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Canada’s history of allowing in war criminals reconsidered

The Story


Canada did a reasonably sound job blocking Nazi war criminals entry into our country after the Second World War, says historian Howard Margolian. Margolian is a former historical researcher for the Department of Justice's War Crimes division. He disputes the conventional view that Canada was a safe haven for former Nazi collaborators. Instead, he argues that everything we have believed to be true has been grossly exaggerated, as told in this CBC News report.

Medium: Television
Program: The National
Broadcast Date: May 11, 2000
Guest(s): Irving Abella, Howard Margolian, David Matas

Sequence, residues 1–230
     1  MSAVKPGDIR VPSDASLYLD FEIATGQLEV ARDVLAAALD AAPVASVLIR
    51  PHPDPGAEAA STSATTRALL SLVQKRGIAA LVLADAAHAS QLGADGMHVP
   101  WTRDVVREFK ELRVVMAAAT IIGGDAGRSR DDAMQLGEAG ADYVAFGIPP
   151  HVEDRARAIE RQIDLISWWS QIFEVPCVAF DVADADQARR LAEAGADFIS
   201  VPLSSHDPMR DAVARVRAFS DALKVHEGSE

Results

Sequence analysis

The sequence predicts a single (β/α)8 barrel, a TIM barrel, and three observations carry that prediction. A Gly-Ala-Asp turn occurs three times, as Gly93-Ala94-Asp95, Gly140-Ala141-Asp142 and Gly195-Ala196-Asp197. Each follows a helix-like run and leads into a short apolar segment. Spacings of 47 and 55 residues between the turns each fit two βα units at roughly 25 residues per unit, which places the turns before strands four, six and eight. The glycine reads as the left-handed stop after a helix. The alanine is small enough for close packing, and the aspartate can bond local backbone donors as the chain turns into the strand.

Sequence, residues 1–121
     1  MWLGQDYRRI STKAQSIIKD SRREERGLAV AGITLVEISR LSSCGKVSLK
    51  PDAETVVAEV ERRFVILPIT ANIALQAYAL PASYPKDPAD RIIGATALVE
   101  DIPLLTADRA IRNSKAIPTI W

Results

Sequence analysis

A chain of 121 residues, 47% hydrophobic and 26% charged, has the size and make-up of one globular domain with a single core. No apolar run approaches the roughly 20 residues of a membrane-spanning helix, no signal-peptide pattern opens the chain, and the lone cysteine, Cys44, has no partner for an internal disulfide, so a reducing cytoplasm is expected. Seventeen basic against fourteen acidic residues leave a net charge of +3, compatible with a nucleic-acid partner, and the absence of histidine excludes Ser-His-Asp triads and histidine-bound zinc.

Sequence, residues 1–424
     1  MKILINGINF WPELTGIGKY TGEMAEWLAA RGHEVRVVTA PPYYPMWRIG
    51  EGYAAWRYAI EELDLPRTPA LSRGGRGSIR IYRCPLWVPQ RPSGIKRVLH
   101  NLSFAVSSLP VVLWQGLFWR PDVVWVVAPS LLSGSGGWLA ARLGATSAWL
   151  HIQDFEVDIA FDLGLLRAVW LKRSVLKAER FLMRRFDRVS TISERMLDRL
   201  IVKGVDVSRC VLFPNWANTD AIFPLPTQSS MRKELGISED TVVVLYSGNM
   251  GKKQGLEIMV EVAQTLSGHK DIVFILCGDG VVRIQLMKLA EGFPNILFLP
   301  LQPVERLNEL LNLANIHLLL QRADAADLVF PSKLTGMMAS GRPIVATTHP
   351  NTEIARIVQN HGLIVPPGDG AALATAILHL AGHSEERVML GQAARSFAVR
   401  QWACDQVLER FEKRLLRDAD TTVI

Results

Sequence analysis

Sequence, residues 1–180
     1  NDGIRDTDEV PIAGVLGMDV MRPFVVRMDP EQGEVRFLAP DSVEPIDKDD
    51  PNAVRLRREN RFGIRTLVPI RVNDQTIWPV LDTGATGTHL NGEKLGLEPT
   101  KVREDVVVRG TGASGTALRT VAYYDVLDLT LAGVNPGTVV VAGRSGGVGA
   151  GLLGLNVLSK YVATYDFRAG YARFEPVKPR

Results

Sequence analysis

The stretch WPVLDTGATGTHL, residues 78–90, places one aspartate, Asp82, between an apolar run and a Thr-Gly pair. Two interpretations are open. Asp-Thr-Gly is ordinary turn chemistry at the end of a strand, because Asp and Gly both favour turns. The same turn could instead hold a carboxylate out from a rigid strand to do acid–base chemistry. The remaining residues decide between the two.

Host: Peter Mansbridge
Reporter: Reg Sherren
Duration: 3:00

Did You know?


• Historian Irving Abella critiqued Unauthorized Entry: The Truth about Nazi War Criminals in Canada, 1946-1956 in the Globe and Mail on May 20, 2000. "The arrogant subtitle notwithstanding, this book is an able, though at times infuriating, attempt by a government historian to whitewash Canada's record on admitting Nazi war criminals," Abella wrote.

• On balance, historian Donald Avery found Margolian's book, while not without its faults, a thoroughly researched and well written book, as reviewed in The Beaver, March 2001.

• As of March 31, 2003, Canada successfully completed six Second World War denaturalization cases before the Federal Court of Canada. Individuals were tried for misrepresenting themselves when trying to obtain citizenship. Two other citizens did not fight deportation charges and left the country willingly. Denaturalization charges were denied for three defendants who successfully pleaded their case before the Federal Court of Canada. A total of six alleged war criminals died during their respective denaturalization trials.


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